Sydney’s Housing Crisis, the 1970s & Nimbys

“The underlying cause of this worrying trend are basic supply and demand. In the past 5 years, an average of 14,000 new homes a year were built in Sydney, compared with an average of 21,000 in the preceding 5 years, and 28,000 in the 5 years before that.” Nimbys are the haves who want the whole hog SMH 2013

Back in the 1970s, there was a massive battle between property developers and local opposition groups (that included residents and unions). The opposition groups were determined to protect historic 19th century buildings, and to ensure greedy developers didn’t bulldoze Sydney.

I don’t know if you have been to American cities, such as Dallas and Houston, but if you think it is wise to leave town planning to developers, then you need to think again. In these US cities, gone are the historic buildings, gone are the parks , gone are the public spaces … it is ugly and uninspiring.

Fast forward to 2014, and you have a different problem. Sydney’s population is surging, supposedly 60,000 new people move to Sydney every year, and that requires around 30,000 new dwellings, and new dwelling construction is falling woefully short. Everyone knows that infrastructure is at breaking point, and housing with a massive shortfall in supply, is becoming increasingly unaffordable.

You have 2 main needs, the need to house people and the need to transport them around a growing city (between employment, shops, sporting fixtures, beaches, etc). However you have the so called “not-in-my-backyard brigade”, the nimbys, that have other ideas.

These aren’t the Davids of the 1970s, standing up to the big bad developer Goliaths.

Instead these people are simply selfish property owners, they want their cake and they want to eat it. They demand better public transport, however they object to more residents moving into their suburbs. In effect the Nimbys “seek to privatise property gains in their suburbs by restricting supply while demanding the government bear the cost of providing public transport”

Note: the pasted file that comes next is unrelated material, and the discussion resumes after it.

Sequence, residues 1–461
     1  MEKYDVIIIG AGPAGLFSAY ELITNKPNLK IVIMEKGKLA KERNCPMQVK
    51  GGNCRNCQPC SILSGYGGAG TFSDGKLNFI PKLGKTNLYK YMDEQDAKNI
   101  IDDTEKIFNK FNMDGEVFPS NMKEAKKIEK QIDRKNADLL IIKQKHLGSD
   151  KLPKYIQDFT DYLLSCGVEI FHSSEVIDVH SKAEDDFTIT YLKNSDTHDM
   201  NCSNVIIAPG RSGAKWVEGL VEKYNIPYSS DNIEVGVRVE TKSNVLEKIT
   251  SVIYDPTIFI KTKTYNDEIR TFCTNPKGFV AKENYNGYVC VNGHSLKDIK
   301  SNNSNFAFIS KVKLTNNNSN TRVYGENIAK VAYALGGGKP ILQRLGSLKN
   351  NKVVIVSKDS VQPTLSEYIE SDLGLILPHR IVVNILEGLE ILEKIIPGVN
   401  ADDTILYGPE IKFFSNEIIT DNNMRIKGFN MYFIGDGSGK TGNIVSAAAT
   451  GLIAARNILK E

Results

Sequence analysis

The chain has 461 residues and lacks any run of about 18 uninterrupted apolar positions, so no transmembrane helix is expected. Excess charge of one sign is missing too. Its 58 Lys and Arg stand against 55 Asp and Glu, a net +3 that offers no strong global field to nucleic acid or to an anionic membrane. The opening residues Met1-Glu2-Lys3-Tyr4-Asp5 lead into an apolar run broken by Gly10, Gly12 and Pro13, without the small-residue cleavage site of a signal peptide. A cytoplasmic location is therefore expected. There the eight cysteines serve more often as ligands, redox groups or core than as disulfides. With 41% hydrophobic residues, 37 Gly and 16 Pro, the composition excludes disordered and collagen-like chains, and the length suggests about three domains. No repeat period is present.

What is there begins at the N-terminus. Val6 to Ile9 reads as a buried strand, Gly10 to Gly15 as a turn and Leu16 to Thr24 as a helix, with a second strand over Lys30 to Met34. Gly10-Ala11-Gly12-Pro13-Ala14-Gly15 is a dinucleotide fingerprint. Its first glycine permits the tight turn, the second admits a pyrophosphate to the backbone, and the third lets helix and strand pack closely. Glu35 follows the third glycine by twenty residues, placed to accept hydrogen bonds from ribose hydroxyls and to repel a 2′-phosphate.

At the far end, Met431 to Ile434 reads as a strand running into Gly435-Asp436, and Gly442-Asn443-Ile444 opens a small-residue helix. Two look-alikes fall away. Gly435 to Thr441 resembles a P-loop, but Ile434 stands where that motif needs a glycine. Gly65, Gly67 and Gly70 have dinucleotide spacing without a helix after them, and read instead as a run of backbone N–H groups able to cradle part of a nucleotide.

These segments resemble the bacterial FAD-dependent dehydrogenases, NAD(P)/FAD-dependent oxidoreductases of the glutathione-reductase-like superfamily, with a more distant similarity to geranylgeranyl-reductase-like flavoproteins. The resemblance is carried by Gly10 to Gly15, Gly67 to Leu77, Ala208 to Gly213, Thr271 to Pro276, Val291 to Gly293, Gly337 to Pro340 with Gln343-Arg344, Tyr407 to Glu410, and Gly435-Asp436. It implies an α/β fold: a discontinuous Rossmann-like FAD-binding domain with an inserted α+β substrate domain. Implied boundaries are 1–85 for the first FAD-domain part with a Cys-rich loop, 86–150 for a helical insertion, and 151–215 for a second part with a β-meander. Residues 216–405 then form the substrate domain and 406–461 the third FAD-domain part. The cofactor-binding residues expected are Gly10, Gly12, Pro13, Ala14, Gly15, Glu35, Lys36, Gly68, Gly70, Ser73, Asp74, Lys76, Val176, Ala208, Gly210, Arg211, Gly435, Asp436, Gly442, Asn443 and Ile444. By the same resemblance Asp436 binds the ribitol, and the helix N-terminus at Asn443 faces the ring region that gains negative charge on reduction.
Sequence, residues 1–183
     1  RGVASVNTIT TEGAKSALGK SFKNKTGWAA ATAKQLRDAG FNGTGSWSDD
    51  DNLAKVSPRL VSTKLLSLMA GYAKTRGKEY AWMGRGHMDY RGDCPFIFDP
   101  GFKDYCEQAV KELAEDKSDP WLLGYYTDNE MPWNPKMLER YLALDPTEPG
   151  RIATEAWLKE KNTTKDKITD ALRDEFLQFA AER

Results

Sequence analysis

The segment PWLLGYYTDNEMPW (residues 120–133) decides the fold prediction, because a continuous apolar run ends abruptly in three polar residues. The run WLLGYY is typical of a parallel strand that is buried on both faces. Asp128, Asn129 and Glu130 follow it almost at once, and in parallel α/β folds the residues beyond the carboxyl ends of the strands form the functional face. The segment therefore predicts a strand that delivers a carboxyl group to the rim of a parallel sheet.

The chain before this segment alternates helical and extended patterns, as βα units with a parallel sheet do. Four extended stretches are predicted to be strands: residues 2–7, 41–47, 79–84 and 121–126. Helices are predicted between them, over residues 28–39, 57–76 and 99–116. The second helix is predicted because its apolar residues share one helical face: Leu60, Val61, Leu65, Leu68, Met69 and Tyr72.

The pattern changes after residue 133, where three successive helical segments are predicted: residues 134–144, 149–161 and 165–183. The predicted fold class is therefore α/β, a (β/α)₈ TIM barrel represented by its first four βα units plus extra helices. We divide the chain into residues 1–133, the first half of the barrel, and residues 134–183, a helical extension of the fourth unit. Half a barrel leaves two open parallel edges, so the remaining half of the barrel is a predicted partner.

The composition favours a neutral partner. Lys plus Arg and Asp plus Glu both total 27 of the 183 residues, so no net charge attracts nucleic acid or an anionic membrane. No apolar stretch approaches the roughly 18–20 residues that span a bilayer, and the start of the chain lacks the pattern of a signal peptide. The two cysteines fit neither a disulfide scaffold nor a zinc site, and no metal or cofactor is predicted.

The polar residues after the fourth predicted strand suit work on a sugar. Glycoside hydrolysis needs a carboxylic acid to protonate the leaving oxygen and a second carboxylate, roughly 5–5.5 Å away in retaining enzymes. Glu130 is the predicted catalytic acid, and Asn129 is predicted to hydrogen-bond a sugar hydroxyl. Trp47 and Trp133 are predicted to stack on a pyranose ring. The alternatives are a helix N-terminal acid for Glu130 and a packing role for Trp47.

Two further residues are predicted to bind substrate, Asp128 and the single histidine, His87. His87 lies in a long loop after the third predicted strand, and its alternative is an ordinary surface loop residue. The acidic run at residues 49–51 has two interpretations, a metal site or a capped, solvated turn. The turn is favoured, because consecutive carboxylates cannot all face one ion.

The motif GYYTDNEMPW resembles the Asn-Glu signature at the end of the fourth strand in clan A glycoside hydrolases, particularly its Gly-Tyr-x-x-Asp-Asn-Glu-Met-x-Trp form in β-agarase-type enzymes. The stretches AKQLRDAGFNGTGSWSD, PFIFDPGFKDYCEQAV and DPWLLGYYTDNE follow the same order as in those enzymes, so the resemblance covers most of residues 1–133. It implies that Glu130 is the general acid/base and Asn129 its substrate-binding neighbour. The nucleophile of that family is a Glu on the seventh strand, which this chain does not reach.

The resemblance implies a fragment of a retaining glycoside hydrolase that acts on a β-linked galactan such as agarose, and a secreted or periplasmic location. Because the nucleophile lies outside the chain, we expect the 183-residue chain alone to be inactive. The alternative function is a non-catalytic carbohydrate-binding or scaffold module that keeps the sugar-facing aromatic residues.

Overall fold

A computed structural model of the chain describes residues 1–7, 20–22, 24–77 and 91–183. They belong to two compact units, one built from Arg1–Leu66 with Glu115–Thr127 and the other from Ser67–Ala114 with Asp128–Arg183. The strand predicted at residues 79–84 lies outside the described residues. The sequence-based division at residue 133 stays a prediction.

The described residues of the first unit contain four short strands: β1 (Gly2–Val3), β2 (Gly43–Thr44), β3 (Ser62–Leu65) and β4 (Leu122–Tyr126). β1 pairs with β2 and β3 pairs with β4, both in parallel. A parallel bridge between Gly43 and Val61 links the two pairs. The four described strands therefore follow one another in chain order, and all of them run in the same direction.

Sydneysiders lament that we don’t have a subway system like New York or Singapore. The reason we don’t is obvious: more people have to use these services to pay for them.

In Melbourne, under Kennett at least they came to the realisation that you need to build these urban corridors that sit on the transport infrastructure. This doesn’t mean we knock down the historic buildings, or reduce parklands, it just means you have to come up with a practical solution.

When you read the newspapers and they say Sydney housing prices are about to fall, it completely misses the point. Yes, bad news sells better, but house prices aren’t about to fall. The powers that be, would need to do a lot more than raise interest rates, to see Sydney housing prices fall.

The reality is historic Paddington and Balmain are safe, and Centennial park, Bondi Beach and all the other beautiful spots around Sydney aren’t going anywhere. However, the real bad news, is we are all going to increasingly resigned to an existence of being stuck in bumper to bumper traffic, with a 3rd rate public transport, and a younger generation that won’t be able to afford to buy a home.

The only real housing crisis in Sydney, is not that prices are going to fall, but rather that we will spend an increasing amount of our time stuck in traffic. The solution is to build more new dwellings and to build high quality public transport, and to recognise the nimbys are not the 1970s heros.

Leave a Reply